Morris Segel began his career in the grocery business in the early 1920's; but he had a vision of
the future and strove to attain it. The result was Wisconsin Packing Company, which is today a
primary supplier to several fast-food chains.
He was born in 1901 and died February 28, 1986. He came to America from eastern Europe
with his sister, and they lived with a sponsoring family in Sheboygan, Wisconsin. The family
ran a small butcher shop, and Morris helped with any tasks that needed doing. By the age of 16
he had a drivers license and would purchase cows in the surrounding countryside, tie them to the
truck, and bring them back into town where they were butchered and sold.
In 1923 he married Blanche Grimson and they opened a small grocery store. However, he much
preferred the excitement of the cattle business to retailing, and, accordingly, he bought into a
partnership known as Ideal Packing Company in 1925. His job then was to purchase cattle at the
old Milwaukee Stockyards (located near the present site of the Mitchell Domes) and herd them
on foot to the nearby packing plant for slaughter. He eventually built his own slaughter plant,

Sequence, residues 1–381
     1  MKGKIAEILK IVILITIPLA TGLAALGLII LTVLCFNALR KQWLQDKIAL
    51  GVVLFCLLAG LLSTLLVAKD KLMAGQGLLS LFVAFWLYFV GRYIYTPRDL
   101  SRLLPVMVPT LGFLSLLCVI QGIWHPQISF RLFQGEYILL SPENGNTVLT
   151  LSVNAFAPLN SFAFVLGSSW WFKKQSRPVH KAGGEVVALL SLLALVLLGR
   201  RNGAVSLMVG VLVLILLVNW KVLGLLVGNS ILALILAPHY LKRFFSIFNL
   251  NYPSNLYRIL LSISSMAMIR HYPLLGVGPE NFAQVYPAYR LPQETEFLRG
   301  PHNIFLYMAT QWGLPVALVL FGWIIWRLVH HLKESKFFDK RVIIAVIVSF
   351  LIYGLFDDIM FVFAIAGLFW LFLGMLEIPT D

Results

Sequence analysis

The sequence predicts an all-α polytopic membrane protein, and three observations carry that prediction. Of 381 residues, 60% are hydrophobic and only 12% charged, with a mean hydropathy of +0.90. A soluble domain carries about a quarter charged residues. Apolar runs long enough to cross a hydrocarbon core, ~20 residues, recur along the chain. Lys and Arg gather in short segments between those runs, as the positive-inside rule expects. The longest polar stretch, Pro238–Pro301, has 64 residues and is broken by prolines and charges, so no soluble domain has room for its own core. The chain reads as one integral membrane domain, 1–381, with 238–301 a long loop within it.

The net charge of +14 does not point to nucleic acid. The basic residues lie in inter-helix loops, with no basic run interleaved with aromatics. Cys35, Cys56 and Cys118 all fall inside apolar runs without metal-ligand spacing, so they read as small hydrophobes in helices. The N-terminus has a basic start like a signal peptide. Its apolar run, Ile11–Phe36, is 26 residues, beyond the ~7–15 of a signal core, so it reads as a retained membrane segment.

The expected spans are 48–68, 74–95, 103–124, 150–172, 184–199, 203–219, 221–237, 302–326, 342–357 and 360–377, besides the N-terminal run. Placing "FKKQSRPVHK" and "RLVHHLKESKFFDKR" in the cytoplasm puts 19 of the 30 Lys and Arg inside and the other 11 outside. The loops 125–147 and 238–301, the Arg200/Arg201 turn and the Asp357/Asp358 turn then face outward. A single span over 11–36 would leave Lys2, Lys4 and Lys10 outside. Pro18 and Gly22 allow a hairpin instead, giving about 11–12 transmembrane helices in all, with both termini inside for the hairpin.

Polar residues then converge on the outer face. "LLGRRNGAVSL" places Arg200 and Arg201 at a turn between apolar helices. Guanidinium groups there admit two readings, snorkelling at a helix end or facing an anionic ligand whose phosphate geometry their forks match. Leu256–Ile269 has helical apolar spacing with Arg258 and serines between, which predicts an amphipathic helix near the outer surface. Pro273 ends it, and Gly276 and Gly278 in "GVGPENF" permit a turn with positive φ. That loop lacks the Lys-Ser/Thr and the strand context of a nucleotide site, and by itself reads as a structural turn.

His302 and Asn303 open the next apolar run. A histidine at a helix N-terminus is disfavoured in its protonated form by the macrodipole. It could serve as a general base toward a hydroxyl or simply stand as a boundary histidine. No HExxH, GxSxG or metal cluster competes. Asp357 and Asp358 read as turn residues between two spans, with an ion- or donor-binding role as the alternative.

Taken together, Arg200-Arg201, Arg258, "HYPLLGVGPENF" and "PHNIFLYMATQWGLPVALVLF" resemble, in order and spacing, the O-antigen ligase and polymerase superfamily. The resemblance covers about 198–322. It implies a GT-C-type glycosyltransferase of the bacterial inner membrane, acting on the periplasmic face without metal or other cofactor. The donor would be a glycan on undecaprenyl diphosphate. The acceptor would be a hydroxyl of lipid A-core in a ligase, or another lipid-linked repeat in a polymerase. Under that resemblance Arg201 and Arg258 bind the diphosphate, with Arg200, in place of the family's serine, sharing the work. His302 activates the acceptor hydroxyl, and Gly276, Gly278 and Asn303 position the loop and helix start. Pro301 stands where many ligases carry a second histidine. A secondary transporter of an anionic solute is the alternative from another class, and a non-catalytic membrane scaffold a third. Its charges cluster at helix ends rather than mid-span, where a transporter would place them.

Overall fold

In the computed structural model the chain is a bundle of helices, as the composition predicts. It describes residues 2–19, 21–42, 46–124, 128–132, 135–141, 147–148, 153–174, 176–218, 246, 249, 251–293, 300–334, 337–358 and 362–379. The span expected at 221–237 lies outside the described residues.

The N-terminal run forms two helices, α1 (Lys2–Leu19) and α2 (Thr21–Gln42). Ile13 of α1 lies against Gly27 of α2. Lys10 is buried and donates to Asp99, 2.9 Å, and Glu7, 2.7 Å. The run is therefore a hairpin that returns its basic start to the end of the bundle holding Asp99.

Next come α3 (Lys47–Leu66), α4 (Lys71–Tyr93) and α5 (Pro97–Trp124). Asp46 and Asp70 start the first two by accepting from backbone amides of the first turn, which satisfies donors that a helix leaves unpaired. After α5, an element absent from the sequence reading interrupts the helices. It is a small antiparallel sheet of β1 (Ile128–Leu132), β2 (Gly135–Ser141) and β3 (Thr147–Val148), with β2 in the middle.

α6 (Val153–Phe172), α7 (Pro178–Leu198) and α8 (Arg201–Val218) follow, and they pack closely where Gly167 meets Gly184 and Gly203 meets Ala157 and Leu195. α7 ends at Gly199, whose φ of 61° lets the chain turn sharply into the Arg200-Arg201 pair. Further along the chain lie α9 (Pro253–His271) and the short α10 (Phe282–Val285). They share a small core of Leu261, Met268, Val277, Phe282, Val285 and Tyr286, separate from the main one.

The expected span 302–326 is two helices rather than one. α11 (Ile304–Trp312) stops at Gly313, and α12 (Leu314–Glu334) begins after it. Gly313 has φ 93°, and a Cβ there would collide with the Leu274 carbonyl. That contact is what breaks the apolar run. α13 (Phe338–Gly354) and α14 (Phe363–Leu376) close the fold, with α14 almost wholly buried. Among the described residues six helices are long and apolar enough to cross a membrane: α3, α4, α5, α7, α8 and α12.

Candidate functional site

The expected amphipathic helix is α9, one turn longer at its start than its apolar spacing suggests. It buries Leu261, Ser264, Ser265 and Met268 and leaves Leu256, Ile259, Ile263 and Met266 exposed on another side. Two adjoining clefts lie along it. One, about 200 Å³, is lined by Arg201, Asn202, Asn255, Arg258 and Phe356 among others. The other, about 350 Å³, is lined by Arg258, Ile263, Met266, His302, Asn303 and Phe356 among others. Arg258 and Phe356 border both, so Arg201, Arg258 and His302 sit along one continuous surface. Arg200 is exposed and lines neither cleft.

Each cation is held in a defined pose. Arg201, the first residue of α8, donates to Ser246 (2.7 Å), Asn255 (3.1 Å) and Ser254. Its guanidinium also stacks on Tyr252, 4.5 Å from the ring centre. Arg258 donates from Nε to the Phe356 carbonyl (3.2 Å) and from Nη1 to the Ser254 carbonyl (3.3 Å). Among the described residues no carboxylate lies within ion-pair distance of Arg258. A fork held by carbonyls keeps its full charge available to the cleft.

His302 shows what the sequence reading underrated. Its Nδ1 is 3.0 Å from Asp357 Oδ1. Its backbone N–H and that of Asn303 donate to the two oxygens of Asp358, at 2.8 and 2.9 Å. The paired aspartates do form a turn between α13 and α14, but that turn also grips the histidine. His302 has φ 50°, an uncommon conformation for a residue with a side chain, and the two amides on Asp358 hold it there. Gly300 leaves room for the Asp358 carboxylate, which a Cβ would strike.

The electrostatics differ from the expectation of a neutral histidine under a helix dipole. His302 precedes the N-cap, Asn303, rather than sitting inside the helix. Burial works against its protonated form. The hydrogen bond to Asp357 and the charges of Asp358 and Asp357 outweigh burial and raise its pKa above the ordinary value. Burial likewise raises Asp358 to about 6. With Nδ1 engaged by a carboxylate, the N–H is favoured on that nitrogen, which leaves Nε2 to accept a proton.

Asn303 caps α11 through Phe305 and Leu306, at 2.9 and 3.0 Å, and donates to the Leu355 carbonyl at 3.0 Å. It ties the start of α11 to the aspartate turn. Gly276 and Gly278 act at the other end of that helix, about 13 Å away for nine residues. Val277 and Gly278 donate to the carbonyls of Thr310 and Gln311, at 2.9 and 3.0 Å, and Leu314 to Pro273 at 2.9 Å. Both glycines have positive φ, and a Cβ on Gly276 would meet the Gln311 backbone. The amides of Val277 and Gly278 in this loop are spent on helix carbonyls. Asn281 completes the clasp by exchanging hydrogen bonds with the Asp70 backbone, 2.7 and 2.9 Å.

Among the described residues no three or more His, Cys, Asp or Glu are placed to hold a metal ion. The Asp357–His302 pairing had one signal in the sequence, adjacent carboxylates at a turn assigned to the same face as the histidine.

and it was incorporated in 1938 as Wisconsin Packing Company, Inc. It was reincorporated in
Delaware in 1976 to include the separately owned businesses of the Segel family. Today,
Wisconsin Packing Company is engaged in the meat, food and related industries. Floyd A.
Segel, Morris Segel's son, carried on the business operation for a number of years. Today it is
owned and managed by two grandsons -- Justin N. Segel and Robert G. Segel.
When Wisconsin Packing Company went into business the normal operation was to slaughter
animals and sell carcasses. Packers only boned beef if it was to be used in their own sausage
kitchen. The vision Morris had, and what he practiced, was really a forerunner of the boxed beef
industry of today. He boned cows and sold the cuts separately -- the only difference from how
the business is done now is that he didn't have vacuum packaging.
The slaughtering operation was discontinued in 1977 and the company moved steadily into
value-added products. Today, portion-controlled frozen meat products are made for all phases of
the food service industry. The latest technology, with state-of-the-art equipment, is employed to
supply national and regional fast-food restaurants and contract food service companies for
educational, business, institutional and health-care facilities.
Morris Segel was former owner of Milwaukee Tallow Company. Also, he pioneered the brine
curing of hides, as well as starting the first independent edible rendering company and blood
drying operation in Wisconsin. He was a founding member of the National Independent Meat
Packers Association, a founding member of the Milwaukee Independent Meat Packers
Association and an active member of the American Meat Institute. He established the Quality
Beef Carcass Judging Contest at the Wisconsin State Fair and provided the initial funding for the
From a humble beginning of dealing with one cow a day, Morris Segel launched a concept and
founded a business which three-quarters of a century later is manufacturing more than
110,000,000 pounds of ground beef annually.